WILL POWER: I passed when I could. Every time I could get a run, I passed. I think that was the key to the victory was making those moves on (Takuma) Sato, I think James, I can't remember who else. But that was a key. And on those laps you use a lot of fuel, so then you've got to – Tim (Cindric) is on the radio saying, you must save fuel. You have to use fuel to do that but then save extra to make up for the fuel that you used and get the lap time. So it was just a day of pushing as hard as I could while saving fuel. It was a good race like as far as passing and strategy and everything, again, two weeks in a row.
Q. Will, this morning the attitude of your team and yourself going into the race as to what your potential outcome could be, what were your thought processes?
WILL POWER: We were thinking top-five would be a very good day for points. That's what we were thinking. You always believe that it is possible to win or get on the podium, but it was very unlikely, the fact that it was going to be a two‑stop race. But it was just amazing that Simon did three stops and I did two stops, like two different strategies. Obviously he could run hard the whole time and not save fuel, and I saved fuel and did the best lap time I could. And the result was very similar. There was hardly any time between us as we crossed the finish line.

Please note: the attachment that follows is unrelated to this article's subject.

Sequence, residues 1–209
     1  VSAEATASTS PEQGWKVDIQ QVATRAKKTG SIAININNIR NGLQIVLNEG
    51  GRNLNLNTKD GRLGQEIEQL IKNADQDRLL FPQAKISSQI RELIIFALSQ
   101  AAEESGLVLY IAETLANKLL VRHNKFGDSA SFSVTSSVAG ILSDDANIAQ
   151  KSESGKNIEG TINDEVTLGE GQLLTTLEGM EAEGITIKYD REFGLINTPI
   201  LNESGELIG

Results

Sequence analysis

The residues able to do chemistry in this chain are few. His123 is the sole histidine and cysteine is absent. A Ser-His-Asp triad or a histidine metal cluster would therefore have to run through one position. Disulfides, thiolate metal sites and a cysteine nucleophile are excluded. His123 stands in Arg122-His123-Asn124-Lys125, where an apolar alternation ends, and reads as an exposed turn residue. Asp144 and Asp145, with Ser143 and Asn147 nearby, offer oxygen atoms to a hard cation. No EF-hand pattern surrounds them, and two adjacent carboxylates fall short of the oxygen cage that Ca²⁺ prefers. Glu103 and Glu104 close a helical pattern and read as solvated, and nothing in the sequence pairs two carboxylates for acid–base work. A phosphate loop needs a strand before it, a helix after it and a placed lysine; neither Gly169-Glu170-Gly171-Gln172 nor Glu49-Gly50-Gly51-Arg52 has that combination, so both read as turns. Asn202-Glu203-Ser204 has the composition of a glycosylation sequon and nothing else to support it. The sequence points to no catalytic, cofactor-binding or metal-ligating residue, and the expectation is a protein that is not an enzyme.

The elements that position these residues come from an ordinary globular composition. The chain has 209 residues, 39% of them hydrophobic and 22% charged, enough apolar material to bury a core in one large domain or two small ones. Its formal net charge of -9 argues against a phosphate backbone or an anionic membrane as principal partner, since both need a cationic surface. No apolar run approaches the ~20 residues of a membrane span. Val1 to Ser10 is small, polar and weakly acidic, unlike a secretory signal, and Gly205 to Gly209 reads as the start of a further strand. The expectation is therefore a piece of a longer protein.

It's just always a surprise in IndyCar, I think. You can never predict – you can never assume going into a race. You just have to be smart as it plays out.
Q. Going into the race, how many laps, green flag laps, did you think you could make on a fuel run?
WILL POWER: Well, we were thinking 28. All I know, all I ask the team before every race is what lap number, if the radios go out, will I have to pit, if possible, and they said 28. What's two times 28? I don't know, whatever it is. On those laps you have to pit. I try to work that out in my head when the radios go out. What's two times 28?
Q. So you got 31 – that's pretty impressive.
WILL POWER: Yeah, I think my engineer says it was amazing the lap time and fuel mileage I got. He said it was very good.
Q. What did you think of the pits being open immediately, not from the standpoint of strategy but in terms of what the pit road looked like relative to open spaces? I know you had the problem with Simon, but basically it's a much cleaner entry and exit.